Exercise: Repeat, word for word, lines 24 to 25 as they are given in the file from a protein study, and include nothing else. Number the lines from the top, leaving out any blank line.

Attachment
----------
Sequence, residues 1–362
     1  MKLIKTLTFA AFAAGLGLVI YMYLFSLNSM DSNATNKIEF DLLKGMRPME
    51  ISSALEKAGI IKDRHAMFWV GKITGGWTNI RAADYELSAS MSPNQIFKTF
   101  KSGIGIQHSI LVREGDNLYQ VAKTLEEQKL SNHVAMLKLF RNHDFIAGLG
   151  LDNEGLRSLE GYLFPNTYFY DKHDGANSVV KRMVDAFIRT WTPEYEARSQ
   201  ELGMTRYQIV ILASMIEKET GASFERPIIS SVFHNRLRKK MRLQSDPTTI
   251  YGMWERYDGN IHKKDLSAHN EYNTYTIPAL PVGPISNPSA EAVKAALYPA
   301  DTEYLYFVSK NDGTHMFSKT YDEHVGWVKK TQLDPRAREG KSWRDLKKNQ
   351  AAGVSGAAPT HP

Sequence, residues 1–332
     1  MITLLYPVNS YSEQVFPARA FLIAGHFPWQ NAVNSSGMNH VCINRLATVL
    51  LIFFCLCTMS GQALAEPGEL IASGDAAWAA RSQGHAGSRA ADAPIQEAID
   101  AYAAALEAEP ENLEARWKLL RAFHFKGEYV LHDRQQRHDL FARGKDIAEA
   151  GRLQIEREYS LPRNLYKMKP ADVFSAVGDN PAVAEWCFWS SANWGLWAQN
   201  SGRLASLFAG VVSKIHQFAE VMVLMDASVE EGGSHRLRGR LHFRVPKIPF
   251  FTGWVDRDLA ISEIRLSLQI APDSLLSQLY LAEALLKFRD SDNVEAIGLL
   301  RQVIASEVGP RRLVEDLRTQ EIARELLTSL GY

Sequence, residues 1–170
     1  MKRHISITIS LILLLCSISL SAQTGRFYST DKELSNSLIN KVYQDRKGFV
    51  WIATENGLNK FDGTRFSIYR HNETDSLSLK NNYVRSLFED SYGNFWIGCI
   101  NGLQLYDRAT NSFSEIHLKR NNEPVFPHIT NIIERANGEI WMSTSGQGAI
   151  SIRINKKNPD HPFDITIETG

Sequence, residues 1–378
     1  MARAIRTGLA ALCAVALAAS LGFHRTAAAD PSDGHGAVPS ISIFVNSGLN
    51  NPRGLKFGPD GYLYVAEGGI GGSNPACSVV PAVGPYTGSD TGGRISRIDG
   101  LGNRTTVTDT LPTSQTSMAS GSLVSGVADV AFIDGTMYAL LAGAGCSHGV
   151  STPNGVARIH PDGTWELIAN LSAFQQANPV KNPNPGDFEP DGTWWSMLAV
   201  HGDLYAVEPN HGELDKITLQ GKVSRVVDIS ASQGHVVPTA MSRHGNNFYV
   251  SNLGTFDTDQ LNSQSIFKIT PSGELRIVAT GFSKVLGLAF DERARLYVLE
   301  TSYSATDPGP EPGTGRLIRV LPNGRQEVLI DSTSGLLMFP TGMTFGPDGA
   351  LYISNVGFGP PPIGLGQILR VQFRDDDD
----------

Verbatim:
     1  MARAIRTGLA ALCAVALAAS LGFHRTAAAD PSDGHGAVPS ISIFVNSGLN
    51  NPRGLKFGPD GYLYVAEGGI GGSNPACSVV PAVGPYTGSD TGGRISRIDG